"I guess that's kind of my process now," the 26-year-old Pattinson confessed at a Toronto press conference Monday. "I have to go through the motions of feeling I'm going to have a heart attack for a while before."
For Cosmopolis, he spent two weeks in his Toronto hotel room worrying about failure, then visited Cronenberg at home for a consultation. "He told me to stop worrying," Pattinson said with a shy smile. "I think he heard me in the very obvious throes of a manic attack."
Cronenberg did calm Pattinson down, the Londoner explained. "I think he said, when we start shooting, what will be will be." Pattinson added that he also finally realized he should not overanalyze the story or his character.
Especially because he could see that Cronenberg's script, adapted from Don DiLillo's dystopian novel, did the job beautifully. "Normally," Pattinson said of previous experiences, "the script is s--- and there is no foundation to stand on in the first place and you are just so used to changing it every time, every single movie."
With Cosmopolis, however, he realized the opposite: "The script is fine. It's you that's the problem!"
Pattinson, who careened to stardom in Twilight, has made several non-fantasy films between his five turns as brooding vampire Edward Cullen. Cosmopolis follows Remember Me, Water for Elephants and Bel Ami.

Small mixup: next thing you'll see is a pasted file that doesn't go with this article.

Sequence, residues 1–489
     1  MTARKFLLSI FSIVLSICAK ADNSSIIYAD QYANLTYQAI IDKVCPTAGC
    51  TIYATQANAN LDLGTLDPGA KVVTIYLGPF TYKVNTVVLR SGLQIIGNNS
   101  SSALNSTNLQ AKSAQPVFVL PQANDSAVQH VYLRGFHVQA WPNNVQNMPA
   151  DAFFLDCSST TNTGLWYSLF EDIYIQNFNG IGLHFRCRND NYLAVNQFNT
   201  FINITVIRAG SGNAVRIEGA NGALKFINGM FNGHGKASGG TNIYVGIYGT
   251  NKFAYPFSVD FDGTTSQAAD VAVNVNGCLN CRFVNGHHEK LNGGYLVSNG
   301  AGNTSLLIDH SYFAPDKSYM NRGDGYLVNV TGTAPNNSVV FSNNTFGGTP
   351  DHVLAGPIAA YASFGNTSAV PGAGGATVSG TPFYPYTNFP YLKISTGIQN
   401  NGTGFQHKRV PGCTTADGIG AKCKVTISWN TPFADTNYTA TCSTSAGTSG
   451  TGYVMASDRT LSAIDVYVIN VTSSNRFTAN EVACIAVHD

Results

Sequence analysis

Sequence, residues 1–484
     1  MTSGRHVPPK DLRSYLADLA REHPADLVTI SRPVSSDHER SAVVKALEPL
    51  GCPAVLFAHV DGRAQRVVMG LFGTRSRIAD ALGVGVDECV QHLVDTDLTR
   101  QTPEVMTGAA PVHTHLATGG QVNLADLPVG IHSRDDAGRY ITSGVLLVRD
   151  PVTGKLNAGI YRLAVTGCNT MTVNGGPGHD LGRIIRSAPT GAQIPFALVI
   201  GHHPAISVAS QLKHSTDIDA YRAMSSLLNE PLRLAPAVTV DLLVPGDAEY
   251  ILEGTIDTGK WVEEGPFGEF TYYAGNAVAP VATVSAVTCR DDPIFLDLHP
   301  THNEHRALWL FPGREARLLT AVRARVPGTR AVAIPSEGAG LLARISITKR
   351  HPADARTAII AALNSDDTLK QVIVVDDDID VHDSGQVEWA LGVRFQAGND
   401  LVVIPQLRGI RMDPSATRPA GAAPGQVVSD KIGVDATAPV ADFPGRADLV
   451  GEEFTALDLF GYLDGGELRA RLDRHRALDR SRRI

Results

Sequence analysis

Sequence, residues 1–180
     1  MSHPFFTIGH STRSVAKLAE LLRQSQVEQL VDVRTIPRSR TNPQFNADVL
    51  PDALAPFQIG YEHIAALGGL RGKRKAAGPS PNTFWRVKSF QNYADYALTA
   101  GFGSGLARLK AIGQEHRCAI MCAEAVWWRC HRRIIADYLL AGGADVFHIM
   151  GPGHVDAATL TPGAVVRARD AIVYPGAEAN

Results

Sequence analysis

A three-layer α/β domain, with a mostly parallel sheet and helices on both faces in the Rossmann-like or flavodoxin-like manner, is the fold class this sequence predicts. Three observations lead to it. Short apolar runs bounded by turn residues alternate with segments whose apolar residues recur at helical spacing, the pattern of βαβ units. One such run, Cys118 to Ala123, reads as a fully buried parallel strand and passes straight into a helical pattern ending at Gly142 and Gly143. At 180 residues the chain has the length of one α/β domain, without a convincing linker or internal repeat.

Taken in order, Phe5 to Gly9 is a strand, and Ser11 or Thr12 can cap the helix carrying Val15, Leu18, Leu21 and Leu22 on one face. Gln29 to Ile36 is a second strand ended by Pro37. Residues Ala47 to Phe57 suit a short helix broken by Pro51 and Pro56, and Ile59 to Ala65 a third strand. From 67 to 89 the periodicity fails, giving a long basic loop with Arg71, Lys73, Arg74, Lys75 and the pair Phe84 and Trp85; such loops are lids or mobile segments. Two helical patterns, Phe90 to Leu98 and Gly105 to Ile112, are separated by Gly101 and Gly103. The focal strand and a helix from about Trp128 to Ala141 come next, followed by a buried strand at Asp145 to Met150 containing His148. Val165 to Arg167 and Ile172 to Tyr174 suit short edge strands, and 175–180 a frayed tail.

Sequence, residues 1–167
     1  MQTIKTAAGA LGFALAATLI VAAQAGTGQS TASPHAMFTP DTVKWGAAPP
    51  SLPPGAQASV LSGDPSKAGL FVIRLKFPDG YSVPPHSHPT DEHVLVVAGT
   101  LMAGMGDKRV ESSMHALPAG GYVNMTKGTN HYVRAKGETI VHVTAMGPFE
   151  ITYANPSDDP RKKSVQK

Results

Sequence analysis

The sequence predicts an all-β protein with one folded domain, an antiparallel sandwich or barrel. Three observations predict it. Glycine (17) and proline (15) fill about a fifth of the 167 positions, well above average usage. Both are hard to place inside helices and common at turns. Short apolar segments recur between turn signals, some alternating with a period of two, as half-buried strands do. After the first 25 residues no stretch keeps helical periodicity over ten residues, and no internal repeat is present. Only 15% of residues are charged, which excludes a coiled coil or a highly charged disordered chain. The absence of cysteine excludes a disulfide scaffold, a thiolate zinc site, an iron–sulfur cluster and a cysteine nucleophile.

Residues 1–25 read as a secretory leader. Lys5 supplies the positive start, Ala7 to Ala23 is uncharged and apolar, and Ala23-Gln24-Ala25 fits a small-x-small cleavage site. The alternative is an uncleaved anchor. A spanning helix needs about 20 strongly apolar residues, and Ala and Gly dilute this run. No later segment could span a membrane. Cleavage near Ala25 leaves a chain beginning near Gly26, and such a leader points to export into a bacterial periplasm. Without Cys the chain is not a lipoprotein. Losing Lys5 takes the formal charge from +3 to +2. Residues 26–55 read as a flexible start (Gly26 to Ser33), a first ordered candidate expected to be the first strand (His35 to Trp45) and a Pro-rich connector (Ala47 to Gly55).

In the new film, Pattinson plays a fictional golden boy of American capitalism -- on a single day when his world is rapidly disintegrating.
Cosmopolis will be greeted with mixed reviews when it opens in Canada on Friday, just as it did when it debuted at the Cannes Film Festival May 25.
It is an intensely serious piece of entertainment, with a stylized look, mood and tone. Pattinson's character, Eric Packer, spends most of his time inside his white stretch limo trying to get across Manhattan for a haircut from his boyhood barber. His new marriage -- to an icy blonde who refuses his sexual advances -- is collapsing along with his financial empire.
There are street riots. Crazy things happen inside the limo as it crawls through traffic. In one scene, a doctor visits to administer a prostrate examination while our anti-hero consults with an adviser (played by Emily Hampshire).
"I don't know which I was more excited about," Hampshire told the press conference. "Having David bend over me and show Rob how to get a prostrate exam or Rob bending over me and getting one!" Big laughs all round.
The press conference was loose and funny, despite the overwrought security that surrounded it.
Cronenberg, for example, continually cracked sly jokes about his actors, showing his relaxed demeanor.
"There are few people on the planet that are more wonderful to spend time with than David," his Canadian producer Martin Katz offered about why he worked with him for the third time. "He turns the business of filmmaking into a joy!" [source]